Because so little of Nannerl Mozart's life during this period, from fourteen to sixteen years of age, is known, writer/director/producer Rene Feret takes it upon himself to invent some colorful and chronologically impossible scenarios. The film shifts its focus from the Mozart family's intimate travelogue, with its attendant sibling rivalry and father/daughter tensions, to Nannerl's coming of age. She strikes up a friendship with Louise de France, daughter of King Louis XV and brother of the Dauphin, with whom she begins an earnest romance.
Louise de France, nicknamed Chiffre, is another pitiable casualty of 18th century gender politics. Banished by her father to an abbey, never to see her family again, Louise is forced--by society, by convention--to abandon her ambitions to God and the King. In a heartbreaking scene, Louise and Nannerl bemoan the twist of fate that made them girls--had they been born boys, Louise would have been the future king of France and Nannerl would have been the most famous composer in history.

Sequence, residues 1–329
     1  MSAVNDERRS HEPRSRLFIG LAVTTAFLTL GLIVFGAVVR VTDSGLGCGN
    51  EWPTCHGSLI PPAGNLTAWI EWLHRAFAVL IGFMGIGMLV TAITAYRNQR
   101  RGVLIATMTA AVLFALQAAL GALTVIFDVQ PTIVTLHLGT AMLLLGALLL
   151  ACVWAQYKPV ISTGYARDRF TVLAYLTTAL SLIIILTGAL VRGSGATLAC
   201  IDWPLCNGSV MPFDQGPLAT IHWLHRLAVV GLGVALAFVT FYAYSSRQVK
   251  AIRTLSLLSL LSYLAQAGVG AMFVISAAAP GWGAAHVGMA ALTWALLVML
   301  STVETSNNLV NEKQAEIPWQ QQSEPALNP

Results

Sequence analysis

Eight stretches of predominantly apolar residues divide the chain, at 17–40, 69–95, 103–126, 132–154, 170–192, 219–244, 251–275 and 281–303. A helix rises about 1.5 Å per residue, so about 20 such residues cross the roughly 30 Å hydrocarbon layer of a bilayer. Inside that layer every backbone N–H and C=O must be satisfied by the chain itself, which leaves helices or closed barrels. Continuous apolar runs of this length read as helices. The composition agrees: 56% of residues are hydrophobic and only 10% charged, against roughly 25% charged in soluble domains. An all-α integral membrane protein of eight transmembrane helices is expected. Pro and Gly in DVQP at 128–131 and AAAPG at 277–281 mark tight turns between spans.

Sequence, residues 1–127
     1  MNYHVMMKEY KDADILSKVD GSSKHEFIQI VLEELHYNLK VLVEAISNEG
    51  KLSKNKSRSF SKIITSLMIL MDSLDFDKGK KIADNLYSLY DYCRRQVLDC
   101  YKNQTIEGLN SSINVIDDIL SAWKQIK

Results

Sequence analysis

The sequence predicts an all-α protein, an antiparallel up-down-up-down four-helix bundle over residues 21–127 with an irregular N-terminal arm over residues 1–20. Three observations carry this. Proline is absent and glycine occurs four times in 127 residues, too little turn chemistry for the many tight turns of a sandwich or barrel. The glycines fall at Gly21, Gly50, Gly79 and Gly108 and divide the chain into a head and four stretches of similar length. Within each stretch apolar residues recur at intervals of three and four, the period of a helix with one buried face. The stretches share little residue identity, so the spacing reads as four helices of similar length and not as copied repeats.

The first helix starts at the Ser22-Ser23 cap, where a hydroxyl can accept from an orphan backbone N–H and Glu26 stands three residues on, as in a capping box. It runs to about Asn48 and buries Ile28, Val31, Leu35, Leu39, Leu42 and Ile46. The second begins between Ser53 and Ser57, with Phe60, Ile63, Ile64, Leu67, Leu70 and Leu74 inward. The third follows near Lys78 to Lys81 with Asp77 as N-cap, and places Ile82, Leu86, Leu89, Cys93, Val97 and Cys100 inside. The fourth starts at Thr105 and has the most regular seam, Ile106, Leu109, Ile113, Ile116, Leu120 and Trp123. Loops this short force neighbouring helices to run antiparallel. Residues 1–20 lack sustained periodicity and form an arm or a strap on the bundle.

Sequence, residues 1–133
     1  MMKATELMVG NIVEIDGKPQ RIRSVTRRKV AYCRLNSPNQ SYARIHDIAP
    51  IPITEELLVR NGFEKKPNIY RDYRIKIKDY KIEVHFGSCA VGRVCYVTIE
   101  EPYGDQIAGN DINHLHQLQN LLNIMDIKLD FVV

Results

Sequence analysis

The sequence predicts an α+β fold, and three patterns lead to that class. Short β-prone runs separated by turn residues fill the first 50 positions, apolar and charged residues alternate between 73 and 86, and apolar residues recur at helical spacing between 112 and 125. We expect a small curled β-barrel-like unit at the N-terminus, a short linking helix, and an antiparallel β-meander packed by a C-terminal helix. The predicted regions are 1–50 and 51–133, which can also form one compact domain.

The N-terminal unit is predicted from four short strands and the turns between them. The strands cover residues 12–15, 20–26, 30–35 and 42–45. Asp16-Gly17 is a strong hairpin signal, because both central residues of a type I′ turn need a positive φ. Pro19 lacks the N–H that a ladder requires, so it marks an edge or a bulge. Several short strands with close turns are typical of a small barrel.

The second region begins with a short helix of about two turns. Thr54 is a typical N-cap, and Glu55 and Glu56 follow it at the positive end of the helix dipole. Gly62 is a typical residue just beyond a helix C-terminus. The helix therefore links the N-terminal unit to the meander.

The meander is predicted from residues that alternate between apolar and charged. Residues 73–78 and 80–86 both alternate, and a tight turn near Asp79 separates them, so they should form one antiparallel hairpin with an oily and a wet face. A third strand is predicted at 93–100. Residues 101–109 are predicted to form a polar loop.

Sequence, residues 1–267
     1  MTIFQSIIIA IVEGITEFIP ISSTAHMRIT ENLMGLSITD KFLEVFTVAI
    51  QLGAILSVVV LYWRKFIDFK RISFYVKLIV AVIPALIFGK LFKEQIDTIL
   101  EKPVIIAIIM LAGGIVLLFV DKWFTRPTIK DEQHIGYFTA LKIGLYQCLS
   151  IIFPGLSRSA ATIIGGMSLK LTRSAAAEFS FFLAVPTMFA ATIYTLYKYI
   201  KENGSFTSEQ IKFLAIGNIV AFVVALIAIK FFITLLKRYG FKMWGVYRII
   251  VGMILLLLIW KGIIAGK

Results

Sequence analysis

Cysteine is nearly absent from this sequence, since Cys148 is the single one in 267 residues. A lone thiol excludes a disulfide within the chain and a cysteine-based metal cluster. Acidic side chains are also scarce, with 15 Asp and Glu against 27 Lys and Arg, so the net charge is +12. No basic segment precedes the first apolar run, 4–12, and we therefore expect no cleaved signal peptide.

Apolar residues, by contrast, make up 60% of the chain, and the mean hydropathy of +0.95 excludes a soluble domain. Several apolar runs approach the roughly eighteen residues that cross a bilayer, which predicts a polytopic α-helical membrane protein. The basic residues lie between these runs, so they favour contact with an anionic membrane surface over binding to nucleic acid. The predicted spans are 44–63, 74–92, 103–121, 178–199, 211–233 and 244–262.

But the speculative historical fiction of Mozart's Sister only carries so much dramatic heft--at a certain point, the viewer can do little but sigh despairingly at the institutionalized injustices of being a woman. Yes, it is very sad. In fact, everyone's life is rather sad. The Dauphin died at thirty-six; Mozart at thirty-five. Nannerl outlived them all, having given up on her dream of composing and performing music to dedicate her entire life to preserving her brother's works and taking care of her father in his old age. Mozart's Sister has an intriguing premise but its execution suffers from the inevitable inertness of a history that has already been written.